String of bomb attacks on pro-war figures tied to Kremlin
May 18, 2023
The head of Ukraine’s military intelligence service has admitted that his agents have assassinated Kremlin propagandists in the 15 months since Russia invaded. He also said that Kyiv aimed to establish a demilitarised border zone up to 60 miles inside Russia to deter any future attacks, comments that will stoke fears of escalation in the war. “We’ve already successfully targeted quite a few people. There have been well-publicised cases everyone knows about, thanks to the media coverage,” Major-General Kyrylo Budanov, 37, said when asked whether Ukrainian security services had killed Russian propagandists.
Several influential pro-war figures have been killed or wounded by explosives planted on Russian soil since February last year. In the latest such incident, on May 6, Zachar Prilepin, 47, a celebrated writer who had boasted of killing Ukrainians “in large numbers”, suffered two broken legs in a car bombing that also killed his bodyguard. The attack took place near Nizhny Novgorod, 265 miles east of Moscow.
Russian investigators said they were questioning a suspect named Alexander Permyakov, whom they accused of working with Ukrainian intelligence.
Vladlen Tatarsky, 40, a military blogger and an acolyte of the Wagner boss Yevgeny Prigozhin, was killed by explosives hidden in a bust of himself given to him in a St Petersburg café during a pro-war event on April 2.
The Russian internal affairs ministry said an arrest warrant had been issued for Yuriy Denisov, a Ukrainian citizen they claim surveilled Tatarsky for two months from an apartment near his home. It alleged he had travelled from Latvia under instruction from the “Ukrainian special services”.
In August last year Darya Dugina, 29, a pro-war pundit for the state-controlled RT television channel, was killed by a car bomb thought to have targeted her father, Alexander Dugin, the ultranationalist ideologue, said to have influence over President Putin.
Drone strikes on the Kremlin on May 3, apparently intended to kill Putin, had taken place “because of Russian aggression”, Budanov claimed.
Speaking on Different People, a Ukrainian YouTube channel, Budanov said that recent acts of sabotage inside Russian territory, including a cargo train derailment and attacks on oil and gas infrastructure close to the Ukrainian border, had been carried out “almost 100 per cent by citizens of the Russian Federation”.
In a separate interview with Island, another YouTube channel, Budanov said he had “a minority of Russians” co-operating with his Ukrainian military intelligence agency, the GUR. They were motivated by “patriotic reasons” and “ready to change Russia”, he said.
Budanov emphasised that although Putin was a legitimate target, Ukraine was not making attempts to kill him.
His agents would continue to target those Russians who committed war crimes against Ukraine, he said. “These cases have happened and will continue. Such people will receive a well-deserved punishment, and the appropriate punishment can only be liquidation and I will implement it.”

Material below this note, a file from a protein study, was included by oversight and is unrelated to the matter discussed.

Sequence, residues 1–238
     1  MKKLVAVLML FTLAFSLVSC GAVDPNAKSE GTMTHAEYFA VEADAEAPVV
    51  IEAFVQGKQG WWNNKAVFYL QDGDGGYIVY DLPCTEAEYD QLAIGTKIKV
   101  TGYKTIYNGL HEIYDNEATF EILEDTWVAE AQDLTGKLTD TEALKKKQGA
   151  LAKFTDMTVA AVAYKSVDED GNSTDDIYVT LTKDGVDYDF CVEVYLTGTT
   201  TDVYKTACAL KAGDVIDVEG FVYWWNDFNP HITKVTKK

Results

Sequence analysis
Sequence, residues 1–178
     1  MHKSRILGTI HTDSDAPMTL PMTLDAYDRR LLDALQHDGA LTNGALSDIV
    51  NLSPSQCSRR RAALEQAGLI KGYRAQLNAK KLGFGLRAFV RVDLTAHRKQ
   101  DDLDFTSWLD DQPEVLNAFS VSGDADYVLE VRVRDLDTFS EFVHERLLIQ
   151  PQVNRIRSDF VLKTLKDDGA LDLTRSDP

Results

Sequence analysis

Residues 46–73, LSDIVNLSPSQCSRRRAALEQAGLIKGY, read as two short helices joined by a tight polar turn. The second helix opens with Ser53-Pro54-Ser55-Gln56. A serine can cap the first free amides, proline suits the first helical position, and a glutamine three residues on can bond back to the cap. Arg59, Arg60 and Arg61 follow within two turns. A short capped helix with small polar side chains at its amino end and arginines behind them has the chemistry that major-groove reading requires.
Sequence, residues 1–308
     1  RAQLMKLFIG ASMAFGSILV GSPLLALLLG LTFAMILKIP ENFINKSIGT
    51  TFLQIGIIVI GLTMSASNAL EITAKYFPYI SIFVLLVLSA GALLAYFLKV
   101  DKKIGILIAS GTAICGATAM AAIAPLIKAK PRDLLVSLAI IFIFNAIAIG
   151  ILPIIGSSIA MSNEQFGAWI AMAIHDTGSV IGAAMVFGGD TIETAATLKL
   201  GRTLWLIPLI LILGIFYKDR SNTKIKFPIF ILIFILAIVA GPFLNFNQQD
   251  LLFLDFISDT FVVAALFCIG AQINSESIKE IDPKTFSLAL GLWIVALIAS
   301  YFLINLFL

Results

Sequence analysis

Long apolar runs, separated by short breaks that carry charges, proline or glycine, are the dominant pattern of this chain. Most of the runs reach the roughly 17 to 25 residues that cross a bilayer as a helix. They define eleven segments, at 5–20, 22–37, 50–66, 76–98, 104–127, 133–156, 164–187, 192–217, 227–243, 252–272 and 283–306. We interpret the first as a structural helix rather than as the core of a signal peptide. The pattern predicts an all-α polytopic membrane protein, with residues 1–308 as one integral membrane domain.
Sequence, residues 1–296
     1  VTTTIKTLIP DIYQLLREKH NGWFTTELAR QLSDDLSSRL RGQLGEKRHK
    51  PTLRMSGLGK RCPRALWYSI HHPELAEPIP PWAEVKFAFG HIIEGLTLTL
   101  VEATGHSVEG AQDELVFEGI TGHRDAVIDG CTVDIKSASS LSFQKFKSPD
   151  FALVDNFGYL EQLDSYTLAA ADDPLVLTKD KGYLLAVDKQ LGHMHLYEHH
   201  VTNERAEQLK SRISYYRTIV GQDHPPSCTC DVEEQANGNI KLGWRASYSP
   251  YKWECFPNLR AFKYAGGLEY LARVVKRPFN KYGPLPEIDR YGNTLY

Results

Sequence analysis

Budanov blamed Russian propagandists for the Kremlin’s increasingly brutal tactics in Ukraine, trapping Putin in a vicious cycle from which he could not escape with his life. “[The Kremlin] has invested so much in this propaganda machine that it began to influence them in the end.”
He said that Moscow’s business elite was opposed to the war and was looking for ways to end it. Russian oligarchs have lost billions of dollars because of western sanctions and economic pressure, but criticism of the invasion has been rare and muted.
Dissidents who have spoken out against it have been imprisoned or poisoned. Natalia Arno, the founder of the Free Russia foundation, who fled to the US in 2014, said that she too was the victim of foul play during a recent visit to Europe: her hotel room was broken into and sprayed with what smelt like “cheap perfume”, but may have been a nerve agent that left her in “acute pain”.
If the Russians themselves overthrew Putin, Ukraine would still need to establish a demilitarised zone 60 miles inside Russian territory to prevent future conflict, Budanov argued. “This should be our goal. If they are not going to attack and don’t decide they want revenge in a couple of years, this shouldn’t be an issue.”
Maxim Tucker was Kyiv correspondent for The Times between 2014 and 2017 and is now an editor on the foreign desk. He has returned to report from the frontlines of the war in Ukraine since Russia’s full-scale invasion in February. He advises on grantmaking in the former Soviet countries for the Open Society Foundations and prior to that was Amnesty International’s Campaigner on Ukraine and the South Caucasus. He has also written for The Telegraph, The Guardian, The Independent, Newsweek and Politico.